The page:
3 reasons to connect FOIA to open data

Making the explicit connection between FOIA requests and government data releases serves several purposes.

The first is to serve the declared outcome of supporting entrepreneurs that many open data advocates have long held up as a rationale for releases, from President Obama on down. If industries are willing to buy data, it is a clear indication that that data has economic utility for them. That also means that their competitors and everyone else in the sectors they operate would also find the insights in that data valuable. Therefore, releasing it would put all players on an equal playing field, forcing those who seek to capture the value in it to instead add to it.

The second purpose serves an outcome that applies at every level of government: Proactively releasing open data of frequently requested categories of government information to the public will free up human capacity to process the more complicated requests filed by journalists. Given the long history of investigative journalists basing their data-driven, Pulitzer Prize-winning stories upon a backbone of public records requests, including those that highlight fraud, waste, abuse and other issues that lead to reforms, this should be a priority at every level of government.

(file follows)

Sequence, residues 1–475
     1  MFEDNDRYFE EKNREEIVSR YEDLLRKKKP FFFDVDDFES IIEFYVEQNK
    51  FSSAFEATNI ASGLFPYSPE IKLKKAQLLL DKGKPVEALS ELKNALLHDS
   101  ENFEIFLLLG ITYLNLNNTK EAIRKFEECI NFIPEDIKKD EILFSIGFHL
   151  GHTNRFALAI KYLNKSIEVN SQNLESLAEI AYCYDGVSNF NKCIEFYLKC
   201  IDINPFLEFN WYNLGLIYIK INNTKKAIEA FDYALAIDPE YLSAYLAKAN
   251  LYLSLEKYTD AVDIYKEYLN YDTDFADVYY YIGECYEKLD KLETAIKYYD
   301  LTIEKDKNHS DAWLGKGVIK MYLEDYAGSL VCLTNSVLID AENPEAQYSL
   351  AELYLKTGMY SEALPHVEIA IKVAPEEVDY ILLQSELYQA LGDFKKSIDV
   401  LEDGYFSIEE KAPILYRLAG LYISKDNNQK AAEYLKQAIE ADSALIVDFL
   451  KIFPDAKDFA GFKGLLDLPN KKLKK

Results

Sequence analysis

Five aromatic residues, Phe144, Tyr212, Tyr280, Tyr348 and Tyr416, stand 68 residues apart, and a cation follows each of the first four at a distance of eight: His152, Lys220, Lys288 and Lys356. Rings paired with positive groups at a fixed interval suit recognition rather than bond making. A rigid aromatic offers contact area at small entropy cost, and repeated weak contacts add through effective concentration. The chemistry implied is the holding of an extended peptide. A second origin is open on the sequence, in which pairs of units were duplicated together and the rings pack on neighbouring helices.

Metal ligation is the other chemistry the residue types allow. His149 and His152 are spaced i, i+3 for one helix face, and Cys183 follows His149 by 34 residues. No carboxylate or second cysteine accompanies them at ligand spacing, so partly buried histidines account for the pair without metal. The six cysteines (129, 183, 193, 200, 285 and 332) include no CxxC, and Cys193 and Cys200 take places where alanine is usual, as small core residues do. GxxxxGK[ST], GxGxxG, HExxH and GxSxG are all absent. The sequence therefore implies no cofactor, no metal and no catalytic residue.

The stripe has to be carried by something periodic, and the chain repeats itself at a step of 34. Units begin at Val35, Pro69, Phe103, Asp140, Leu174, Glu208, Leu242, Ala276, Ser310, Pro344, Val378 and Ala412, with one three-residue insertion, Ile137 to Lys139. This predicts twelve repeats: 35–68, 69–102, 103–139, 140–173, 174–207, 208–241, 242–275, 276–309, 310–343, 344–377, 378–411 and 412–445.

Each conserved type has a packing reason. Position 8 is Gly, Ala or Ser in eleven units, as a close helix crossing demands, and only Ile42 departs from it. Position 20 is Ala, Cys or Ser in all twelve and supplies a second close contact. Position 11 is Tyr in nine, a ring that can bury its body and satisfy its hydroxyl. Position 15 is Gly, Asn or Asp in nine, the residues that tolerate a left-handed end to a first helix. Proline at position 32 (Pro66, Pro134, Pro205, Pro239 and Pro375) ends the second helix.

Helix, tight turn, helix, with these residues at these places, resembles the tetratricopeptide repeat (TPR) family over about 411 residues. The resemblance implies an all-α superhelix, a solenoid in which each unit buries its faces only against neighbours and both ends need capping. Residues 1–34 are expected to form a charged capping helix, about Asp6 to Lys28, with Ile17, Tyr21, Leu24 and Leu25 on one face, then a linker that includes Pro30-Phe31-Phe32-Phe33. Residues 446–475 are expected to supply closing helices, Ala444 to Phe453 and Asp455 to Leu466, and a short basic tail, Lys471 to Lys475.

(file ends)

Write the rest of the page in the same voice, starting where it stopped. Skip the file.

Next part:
The third purpose is to hold governments more accountable for releasing data that they do not wish to, whether it’s embarrassing or indicative of poor performance or criminality. Openwashing is a real and pervasive issue around the world and must be called out and prevented through both political and regulatory mechanisms. If we do not connect open data to access to information rights and the accountability their expression provides, we make it possible for governments to claim openness without actually embracing it.

The way forward is to use modern public records software to track inbound FOIA requests, log their origin and systematically publish frequently requested records online on an ongoing basis. We strongly encourage every government, everywhere, to do so proactively.